I’ve been dreaming of adventure. I love my home, but that wanderlust remains. Yet international travel feels problematic on many levels: financially, carbon-wise, Covid, to name but a few. It’s. Just. Too. Complicated.

But what I can do is mind travel, and it works: I’ve just been to Madagascar. I discovered huge elephant birds, “the most dangerous birds in the world”, and giant tortoises, tenrecs, lemurs and chameleons. Some species live on today; many have vanished in the distant or recent past. Over vast stretches of time, Madagascar’s forests, upon which so many unique species depend, have expanded and contracted in response to shifting climate and human intervention.

The scope of The Sloth Lemur’s Song is truly mind-blowingly epic. It’s the book version of staring up into the night sky and feeling giddy vertigo at the tininess of self in the vastness of the universe. The focus is on this one island, yet it is the story of global seismic shifts, of land masses colliding and dividing, of centuries and centuries of change, right back to when Madagascar was a landlocked region in the ancient supercontinent Gondwana.

For every adventure, you need a perceptive, intelligent and compassionate guide. Ours is author Alison Richard, whose life’s work has been Madagascar. She has spent nearly 50 years researching and spending time on the island and is well established as an expert on the complex social systems amongst primates. She brings an intellectual rigour that explains and expands upon the latest scientific studies, weaving in diverse information from botany, biology, archaeology, geology and climatology. Who knew that stalagmites could provide a decade-by-decade record over thousands of years, telling of climate and vegetation changes in such a way that human actions in the far distant past can be determined?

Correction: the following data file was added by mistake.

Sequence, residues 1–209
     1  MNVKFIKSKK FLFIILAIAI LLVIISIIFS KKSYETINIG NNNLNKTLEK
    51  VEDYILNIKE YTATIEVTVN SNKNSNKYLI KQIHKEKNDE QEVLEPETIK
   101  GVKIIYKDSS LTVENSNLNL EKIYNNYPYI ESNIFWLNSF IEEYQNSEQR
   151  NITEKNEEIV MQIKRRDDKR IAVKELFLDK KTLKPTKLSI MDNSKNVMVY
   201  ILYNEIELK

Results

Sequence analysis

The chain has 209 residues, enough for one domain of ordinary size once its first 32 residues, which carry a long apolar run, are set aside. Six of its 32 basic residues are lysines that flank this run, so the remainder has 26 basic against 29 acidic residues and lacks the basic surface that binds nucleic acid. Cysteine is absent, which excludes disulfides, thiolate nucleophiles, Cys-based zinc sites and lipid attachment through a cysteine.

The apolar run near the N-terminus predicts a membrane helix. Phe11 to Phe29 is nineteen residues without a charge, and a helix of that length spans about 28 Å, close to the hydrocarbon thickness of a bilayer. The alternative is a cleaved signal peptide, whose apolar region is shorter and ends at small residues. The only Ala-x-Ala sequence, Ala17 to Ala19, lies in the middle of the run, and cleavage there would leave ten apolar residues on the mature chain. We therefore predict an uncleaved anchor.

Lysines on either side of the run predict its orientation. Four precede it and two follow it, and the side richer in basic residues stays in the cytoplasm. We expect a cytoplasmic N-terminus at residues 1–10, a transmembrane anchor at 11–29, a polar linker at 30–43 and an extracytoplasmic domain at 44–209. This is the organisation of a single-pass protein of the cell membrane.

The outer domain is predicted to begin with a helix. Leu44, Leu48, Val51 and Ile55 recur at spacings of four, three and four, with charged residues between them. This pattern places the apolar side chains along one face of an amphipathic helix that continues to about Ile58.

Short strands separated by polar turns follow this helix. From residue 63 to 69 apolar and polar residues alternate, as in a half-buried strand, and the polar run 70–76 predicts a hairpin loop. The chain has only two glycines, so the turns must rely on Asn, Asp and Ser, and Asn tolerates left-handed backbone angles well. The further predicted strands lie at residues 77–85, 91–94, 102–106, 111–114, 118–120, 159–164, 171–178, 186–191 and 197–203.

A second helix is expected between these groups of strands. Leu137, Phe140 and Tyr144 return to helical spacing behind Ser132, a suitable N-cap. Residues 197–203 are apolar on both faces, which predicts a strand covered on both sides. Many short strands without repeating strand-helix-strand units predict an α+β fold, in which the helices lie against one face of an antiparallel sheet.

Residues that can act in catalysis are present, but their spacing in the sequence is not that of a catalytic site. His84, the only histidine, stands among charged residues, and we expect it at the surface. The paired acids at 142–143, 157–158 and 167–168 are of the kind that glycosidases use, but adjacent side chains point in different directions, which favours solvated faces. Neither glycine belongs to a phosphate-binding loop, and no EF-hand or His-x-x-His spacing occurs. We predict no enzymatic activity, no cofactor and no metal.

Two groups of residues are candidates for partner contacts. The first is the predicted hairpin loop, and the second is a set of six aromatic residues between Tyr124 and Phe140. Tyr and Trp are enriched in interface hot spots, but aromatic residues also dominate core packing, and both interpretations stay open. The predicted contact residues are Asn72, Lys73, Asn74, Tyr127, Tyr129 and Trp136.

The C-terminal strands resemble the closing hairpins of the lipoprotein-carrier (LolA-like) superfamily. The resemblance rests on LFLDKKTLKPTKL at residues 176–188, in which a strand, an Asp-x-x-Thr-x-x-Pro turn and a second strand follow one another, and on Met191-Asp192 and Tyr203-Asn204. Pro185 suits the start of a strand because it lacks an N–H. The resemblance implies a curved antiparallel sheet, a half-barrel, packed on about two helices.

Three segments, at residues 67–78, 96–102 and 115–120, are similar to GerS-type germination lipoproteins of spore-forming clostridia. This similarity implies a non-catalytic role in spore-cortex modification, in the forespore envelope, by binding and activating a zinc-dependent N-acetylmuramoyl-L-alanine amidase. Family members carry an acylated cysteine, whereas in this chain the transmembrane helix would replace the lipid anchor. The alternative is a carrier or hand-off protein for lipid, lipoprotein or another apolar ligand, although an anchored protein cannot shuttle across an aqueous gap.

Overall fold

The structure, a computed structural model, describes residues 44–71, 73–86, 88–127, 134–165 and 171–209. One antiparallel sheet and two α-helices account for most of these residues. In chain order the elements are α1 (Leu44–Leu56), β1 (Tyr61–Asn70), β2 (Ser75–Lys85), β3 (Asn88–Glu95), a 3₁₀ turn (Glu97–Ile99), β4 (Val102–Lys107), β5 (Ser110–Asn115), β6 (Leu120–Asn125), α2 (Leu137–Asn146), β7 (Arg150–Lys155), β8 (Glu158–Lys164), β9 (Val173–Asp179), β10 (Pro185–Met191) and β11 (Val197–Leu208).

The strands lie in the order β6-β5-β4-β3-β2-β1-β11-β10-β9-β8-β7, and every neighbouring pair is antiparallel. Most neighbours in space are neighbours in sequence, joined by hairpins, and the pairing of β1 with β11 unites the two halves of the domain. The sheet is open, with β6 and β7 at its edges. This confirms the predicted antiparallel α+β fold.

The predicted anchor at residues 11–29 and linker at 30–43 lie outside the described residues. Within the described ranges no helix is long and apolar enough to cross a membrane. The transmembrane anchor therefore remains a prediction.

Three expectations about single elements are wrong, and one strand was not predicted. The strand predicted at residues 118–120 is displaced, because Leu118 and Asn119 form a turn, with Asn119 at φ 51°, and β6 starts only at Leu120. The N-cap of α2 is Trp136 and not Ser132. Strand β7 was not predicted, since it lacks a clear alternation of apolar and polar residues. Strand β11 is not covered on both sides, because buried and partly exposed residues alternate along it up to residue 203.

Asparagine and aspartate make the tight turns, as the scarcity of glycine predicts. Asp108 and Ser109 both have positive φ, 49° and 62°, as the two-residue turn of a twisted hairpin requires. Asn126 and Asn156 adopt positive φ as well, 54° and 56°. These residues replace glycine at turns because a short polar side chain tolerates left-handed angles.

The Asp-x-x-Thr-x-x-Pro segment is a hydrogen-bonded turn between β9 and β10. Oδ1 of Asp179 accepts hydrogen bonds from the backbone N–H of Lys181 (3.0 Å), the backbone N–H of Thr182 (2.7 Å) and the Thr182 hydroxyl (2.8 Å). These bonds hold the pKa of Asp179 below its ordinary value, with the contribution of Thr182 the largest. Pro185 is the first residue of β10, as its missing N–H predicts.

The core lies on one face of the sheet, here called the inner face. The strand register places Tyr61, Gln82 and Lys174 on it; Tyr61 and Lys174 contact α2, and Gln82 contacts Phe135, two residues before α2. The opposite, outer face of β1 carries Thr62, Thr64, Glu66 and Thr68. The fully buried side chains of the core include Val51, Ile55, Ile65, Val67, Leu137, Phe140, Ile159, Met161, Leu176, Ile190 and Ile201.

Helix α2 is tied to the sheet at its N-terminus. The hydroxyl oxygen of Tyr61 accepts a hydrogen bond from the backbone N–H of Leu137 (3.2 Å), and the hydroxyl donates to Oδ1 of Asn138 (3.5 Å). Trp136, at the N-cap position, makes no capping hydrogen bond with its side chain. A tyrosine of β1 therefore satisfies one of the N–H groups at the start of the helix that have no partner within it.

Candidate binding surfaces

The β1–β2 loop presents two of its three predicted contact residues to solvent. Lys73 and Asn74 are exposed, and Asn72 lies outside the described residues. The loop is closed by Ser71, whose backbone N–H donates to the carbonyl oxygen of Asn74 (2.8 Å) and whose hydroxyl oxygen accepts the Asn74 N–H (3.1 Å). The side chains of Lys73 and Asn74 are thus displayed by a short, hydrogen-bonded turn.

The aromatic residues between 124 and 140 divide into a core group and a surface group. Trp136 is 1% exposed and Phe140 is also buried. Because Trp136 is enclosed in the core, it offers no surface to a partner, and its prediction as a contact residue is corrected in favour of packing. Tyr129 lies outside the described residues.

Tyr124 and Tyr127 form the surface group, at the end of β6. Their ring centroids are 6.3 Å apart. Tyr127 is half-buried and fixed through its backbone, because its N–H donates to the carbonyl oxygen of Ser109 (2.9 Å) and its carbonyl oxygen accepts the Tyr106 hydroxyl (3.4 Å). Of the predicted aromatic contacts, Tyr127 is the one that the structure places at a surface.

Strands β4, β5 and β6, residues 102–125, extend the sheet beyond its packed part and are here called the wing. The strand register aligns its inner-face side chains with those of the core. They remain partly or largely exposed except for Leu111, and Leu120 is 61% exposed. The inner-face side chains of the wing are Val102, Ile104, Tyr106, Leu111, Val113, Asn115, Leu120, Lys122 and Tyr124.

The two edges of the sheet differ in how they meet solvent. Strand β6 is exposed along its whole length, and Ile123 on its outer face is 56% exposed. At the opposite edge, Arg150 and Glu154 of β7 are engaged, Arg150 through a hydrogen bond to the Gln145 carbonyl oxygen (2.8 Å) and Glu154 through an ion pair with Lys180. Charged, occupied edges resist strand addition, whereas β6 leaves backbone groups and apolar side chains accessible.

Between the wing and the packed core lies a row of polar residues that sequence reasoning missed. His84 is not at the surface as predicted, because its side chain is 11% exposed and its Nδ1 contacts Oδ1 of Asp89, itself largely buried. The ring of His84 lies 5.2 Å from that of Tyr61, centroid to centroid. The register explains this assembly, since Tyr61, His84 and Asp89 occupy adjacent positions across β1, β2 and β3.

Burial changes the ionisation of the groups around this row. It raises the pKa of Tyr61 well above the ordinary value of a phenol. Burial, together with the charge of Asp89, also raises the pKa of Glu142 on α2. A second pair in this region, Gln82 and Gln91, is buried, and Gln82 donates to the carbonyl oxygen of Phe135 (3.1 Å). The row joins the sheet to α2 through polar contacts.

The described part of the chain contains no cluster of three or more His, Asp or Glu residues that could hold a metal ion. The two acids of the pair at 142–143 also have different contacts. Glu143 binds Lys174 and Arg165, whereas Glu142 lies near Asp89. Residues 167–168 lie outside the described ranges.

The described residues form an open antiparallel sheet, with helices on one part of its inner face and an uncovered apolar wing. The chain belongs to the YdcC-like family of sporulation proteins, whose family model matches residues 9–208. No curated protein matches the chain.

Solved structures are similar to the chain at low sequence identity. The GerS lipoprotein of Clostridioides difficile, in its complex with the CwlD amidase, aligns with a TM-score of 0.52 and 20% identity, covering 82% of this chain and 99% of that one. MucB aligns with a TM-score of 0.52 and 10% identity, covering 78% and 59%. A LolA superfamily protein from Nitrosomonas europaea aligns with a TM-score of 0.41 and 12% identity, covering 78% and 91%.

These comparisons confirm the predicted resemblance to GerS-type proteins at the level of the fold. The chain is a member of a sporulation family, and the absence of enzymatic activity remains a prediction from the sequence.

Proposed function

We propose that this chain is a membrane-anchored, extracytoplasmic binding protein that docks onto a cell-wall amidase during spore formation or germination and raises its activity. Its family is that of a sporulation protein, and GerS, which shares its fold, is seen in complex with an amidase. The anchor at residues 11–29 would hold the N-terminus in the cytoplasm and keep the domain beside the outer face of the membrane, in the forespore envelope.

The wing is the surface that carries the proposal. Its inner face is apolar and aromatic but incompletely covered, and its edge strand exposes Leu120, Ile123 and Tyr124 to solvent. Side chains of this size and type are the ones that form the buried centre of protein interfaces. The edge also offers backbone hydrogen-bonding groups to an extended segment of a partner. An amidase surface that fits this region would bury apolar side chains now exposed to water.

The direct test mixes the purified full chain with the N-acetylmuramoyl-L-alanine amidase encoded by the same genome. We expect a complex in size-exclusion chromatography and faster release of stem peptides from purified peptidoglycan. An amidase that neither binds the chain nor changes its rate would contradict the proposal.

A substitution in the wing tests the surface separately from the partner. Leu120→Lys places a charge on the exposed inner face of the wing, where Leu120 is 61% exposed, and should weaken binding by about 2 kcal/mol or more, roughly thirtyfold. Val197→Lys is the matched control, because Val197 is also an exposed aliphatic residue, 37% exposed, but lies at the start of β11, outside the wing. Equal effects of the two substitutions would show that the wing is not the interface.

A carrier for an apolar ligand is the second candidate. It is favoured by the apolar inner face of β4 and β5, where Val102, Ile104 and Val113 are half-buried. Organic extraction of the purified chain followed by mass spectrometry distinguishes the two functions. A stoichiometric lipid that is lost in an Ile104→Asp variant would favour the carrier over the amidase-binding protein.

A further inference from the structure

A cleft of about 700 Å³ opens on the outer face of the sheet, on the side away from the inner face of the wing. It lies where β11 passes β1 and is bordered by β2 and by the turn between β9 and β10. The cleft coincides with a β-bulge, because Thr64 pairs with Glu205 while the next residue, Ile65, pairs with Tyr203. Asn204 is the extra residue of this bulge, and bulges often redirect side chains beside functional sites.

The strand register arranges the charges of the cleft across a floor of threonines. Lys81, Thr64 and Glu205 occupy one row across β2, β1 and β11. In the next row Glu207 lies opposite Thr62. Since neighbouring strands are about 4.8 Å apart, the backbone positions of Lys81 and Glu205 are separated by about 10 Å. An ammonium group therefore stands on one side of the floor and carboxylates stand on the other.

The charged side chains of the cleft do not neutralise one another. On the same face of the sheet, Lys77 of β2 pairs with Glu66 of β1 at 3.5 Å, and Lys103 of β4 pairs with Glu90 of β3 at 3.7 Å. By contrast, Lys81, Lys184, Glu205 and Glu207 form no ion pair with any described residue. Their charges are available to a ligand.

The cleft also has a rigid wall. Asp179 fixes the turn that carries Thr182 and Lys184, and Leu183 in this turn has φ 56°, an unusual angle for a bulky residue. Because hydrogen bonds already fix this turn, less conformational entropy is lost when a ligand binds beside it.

What I enjoyed most, other than the beautifully told riotous colour and vibrancy of the island, is the way Richard brings to life the experiences of a researcher. She takes us with her, crossing rivers, sitting in a cold dawn accustoming sifaka lemurs to her presence, and, ugh, I can’t forget the leeches.

There is sensitivity and awareness of the challenges of the local people, the Malagasy. Once, Richard was told, “You conservationists are like the missionaries who came here in the past,” but she has developed a keen understanding of the tension between conservation and the daily efforts to survive for local people. It is the choice fundamentally between feeding your family today and saving the forest for the future. The compassion for the Malagasy made me feel I was part of the island, rather than a western voyeur criticising the actions of those we do not understand.

Although the book is jam-packed with life, it is also haunted. Ghost species walk amongst its pages, telling of loss and mystery. I was fascinated by the concept of ‘ghost lineages’, where there is a gap in fossil evidence but a creature can be inferred to exist because of genomic evidence. It’s complicated and intriguing, and Richard explains it far better than I can. Then there are the ghosts of species that no longer exist, due to extinction – not just those from the deep past such as the elephant bird and the gigantic Beelzebufo (popularly known as ‘the frog from hell’), but the sad roll-call of recently extinct species too: 15 species of primate, 12 species of bird, to mention just a few of the vanished.

If change is the only constant, then it should be no surprise that more is coming. Since people started arriving on Madagascar about 10,000 years ago, bringing new plants and animals with them, the pace of change has been fast. As forest cover continues to reduce, the survival of the rare and unique species of the island is increasingly threatened.

This is a love song, not only to Madagascar, but to the whole of our great, shared global history – a tale of enchanting and endangered biodiversity, of climatic shifts and the tensions that will always be between humans and Nature.

Kate Blincoe is an author and Nature writer with a passion for sustainability.